I agree with Jim that the ratings don't seem fair - these things are super versatile, because you can use them to force real sequences. Tell someone the voodoo talus isn't versatile and you'd get laughed at, and sidepods are pretty damn similar. These are as versatile as a set of small crimps are ever gonna get. Don't compare them to some giant macro sloper, because that isn't the type of hold you're looking at.

The texture rating is also a joke, as I have yet to see any hold even come close to the feel of synrock. My fingers are peeling like crazy right now, because I just got home from the gym, pulling on plastic all night. I know if I put in the same length of a session on synrock my fingers would be feeling a whole lot better.

It seems to me your review was negative in all categories because you have two concerns - the appearance, and the fact that you don't like crimps.

How do you have holds with a comment like "if they looked nicer, you would see these holds EVERYWHERE" and only give them a 5 overall?

ntmb said...

Let's look at this some more. These holds are rated on a number of criteria, and the holds they should be looked at are the Steeps from Teknik or some of the Delire holds, which we're in the process of reviewing... they're not being rated against slopes or pinches... at the moment they are on their own.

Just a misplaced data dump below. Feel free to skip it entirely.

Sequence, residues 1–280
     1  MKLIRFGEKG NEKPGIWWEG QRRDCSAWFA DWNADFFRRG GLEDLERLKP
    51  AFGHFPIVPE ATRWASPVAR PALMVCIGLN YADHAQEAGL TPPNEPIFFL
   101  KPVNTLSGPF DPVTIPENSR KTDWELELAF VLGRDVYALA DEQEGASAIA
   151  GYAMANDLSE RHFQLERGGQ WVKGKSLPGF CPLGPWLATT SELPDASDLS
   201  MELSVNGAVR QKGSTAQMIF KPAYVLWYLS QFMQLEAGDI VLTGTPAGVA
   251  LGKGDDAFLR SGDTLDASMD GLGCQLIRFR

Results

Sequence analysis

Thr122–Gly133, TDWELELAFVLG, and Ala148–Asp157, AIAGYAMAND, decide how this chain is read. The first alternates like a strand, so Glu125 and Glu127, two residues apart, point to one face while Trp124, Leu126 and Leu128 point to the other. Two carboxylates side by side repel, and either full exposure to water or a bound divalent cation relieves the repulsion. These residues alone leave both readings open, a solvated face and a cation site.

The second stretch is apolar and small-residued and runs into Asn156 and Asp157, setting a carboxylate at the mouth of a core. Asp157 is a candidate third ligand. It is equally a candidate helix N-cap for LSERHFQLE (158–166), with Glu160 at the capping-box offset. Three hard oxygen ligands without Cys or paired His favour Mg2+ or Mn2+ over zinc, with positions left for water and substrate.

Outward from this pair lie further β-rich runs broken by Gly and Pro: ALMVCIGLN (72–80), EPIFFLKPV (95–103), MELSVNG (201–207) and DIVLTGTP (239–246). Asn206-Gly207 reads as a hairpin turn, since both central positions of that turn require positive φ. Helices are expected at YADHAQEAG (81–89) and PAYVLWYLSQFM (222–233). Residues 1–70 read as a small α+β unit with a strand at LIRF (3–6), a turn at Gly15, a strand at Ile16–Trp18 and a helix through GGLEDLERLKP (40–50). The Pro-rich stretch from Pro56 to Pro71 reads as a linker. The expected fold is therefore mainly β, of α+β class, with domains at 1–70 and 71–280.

Lets look at the rating system:
Texture: 8 > The holds are small, and there is a small surface, it grips sure, but not that much.
Price: 5 > They're not the cheapest, they're not the most expensive
Color: 4 > The holds aren't that nice to look at. Baby blue is horrible, they could do something with this
Versatility: 4 > They are crimps, dual texture crimps... what are you going to use them for?? CRIMPING!
Quality: 4 > Glue, scuffed plastic and you can see the heads of the nails... is that quality to you?
Take Texture add Price add Color add Versatility add Quality and divide by 5.. so thats 8+5+4+4+4=25 now divide 25 by 5 and you get 5. We said it all, good or bad.

Yes I hate crimps, and I feel that we were objective in the review. We're trying to get a route up in the gym and we'll see what the people say.

I always knew that the review would divide people, there will be more holds that the general public will like and I will hate. Chris likes the pods and I don't like them, I like the Delire pinch we grabbed the other day, and Chris hates it. It's life.

EvilJelloMan said...

Well I'll certainly be keeping an eye on this site to see if the ratings stay consistent. I expect to see every small hold get a lower rating on texture, simply because it's small, and I expect just about every dual-texture hold or small crimp to get a 4 in versatility. After all, it's a fair and consistent rating isn't it?